Normally, a product catalog contains the most accurate words for describing the company’s products. However, your search results do not need to display every word you include in your catalog, only the most important: the key words and phrases that will help users immediately understand each product. If people need more detail, they can always click on an item; but the goal on a search results page is to enable easy scanning and quickly inspire to convert.
Structure also plays a role:
When deciding which words to use, it’s important to identify the terms that best describe your products, given your industry and the language of your users. It’s also important to confirm that those words are the same as the keywords recommended in keyword tools such as Clearscope and Ahrefs.
Attracting Google traffic begins with having its Googlebot program “crawl” (fetch) and index your website: in essence, find your pages and what pages they link to, and catalog that information.
While this process is normally automatic — once you’ve created or updated your site, Google crawls it — optimizing your site SERP SEO requires some additional work.
Site SERPs are dynamic; they change with every query. Unfortunately, Google largely ignores dynamic content. Its crawling process won’t execute a search on a company’s website; it crawls only fixed-content (“static”) web pages. Thus, without your company doing something special, Google will never find your site SERPs.
The solution is to use an automated process called page rendering, which creates static site SERPs that Google can crawl and eventually search. Your company runs a background process that executes a set of searches and saves each search result on a separate web page, with a unique URL. This enables Google to crawl and search these artificially generated pages. For example, a company’s servers could automatically execute the query “iphone” and generate a static page with search results. The URL could be something like www.yourbusiness.com/smartphones/iphone.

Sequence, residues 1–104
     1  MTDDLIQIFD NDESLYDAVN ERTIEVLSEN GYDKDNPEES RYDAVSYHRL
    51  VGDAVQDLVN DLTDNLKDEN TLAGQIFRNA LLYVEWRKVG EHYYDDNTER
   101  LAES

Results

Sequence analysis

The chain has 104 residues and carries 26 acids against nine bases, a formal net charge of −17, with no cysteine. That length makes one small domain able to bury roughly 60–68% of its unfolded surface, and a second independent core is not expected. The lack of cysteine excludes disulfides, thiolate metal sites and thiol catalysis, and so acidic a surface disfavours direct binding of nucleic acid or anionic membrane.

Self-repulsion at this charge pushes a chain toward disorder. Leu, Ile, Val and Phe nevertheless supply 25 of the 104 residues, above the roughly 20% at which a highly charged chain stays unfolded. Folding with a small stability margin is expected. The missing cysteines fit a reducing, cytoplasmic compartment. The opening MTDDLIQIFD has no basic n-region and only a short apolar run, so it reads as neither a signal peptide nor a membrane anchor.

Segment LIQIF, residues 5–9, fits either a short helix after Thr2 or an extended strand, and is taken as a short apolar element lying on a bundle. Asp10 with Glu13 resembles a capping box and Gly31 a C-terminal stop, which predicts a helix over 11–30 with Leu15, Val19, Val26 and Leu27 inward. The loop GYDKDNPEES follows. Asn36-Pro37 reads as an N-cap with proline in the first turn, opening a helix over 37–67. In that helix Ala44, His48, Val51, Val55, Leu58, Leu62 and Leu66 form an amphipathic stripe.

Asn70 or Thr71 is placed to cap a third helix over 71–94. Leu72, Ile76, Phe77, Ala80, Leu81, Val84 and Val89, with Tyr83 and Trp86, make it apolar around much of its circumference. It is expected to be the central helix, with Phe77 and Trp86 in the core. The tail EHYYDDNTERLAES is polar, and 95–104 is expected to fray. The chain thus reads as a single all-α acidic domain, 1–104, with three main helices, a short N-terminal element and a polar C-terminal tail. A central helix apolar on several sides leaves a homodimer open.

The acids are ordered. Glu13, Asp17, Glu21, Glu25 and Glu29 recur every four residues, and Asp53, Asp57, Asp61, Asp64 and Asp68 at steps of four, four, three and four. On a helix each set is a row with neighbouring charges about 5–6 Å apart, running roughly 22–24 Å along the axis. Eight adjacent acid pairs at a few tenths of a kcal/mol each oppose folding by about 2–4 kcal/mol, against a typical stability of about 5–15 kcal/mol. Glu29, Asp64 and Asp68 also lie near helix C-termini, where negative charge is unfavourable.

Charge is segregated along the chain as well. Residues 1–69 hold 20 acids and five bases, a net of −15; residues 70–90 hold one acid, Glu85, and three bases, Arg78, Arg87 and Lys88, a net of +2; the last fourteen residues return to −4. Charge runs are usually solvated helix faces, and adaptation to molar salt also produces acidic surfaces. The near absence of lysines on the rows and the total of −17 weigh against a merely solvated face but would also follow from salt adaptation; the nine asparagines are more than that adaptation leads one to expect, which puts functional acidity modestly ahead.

Given the massive number of possible queries that people could enter in a search bar, companies need to be selective about which content they want Google to crawl. They should select only a subset of important queries.
Here are two of the most important site SERPs:
Landing and category pages both use your internal site search engine to display your company’s offerings. Sometimes a search is executed by the user’s query in the search bar. Other times it happens behind the scenes, with an empty search being executed by the site in order to show the searcher a general set of items or categories of item.
There is one additional set of pages you’ll want Google to crawl: the top search results for popular keywords, facets, and products. You should do this for only a small set of your most important searches. You don’t want to flood Google with thousands of search pages, as its algorithm will penalize you for that.
In all cases, you’ll be generating a Google-friendly URL. For example, the URL for a specific iPhone version could be something like “www.yourbusiness.com/smartphones/iphone-x”; for a category page, “www.yourbusiness.comyourbusiness/brands/apple”.
Last point: regarding the process, you’ll want to run your back-end page rendering process with a frequency that is consistent with your catalog. If your data changes often, you’d run the process several times a day. However, once nightly is fine for most businesses.
As we’ve discussed, good SEO ranking involves producing well-structured, meaningful content and using metadata such as SEO-friendly keywords, titles, and page descriptions. It also involves avoiding “dark” SEO tricks that Google would detect and penalize.
With Core Web Vitals, Google has included an additional factor: the quality of a website’s technology. The Core Web Vitals requires that site SERPs be fast and easy to use, which is all about using best-in-class technology and creating a good user experience (UX).
Google breaks down Core Web Vitals into three criteria: Largest Contentful Paint (LCP), First Input Delay (FID), and Cumulative Layout Shift (CLS). Here’s what these terms mean in relation to site SERPs:
Let’s look at these criteria as they apply to some sample SERPs.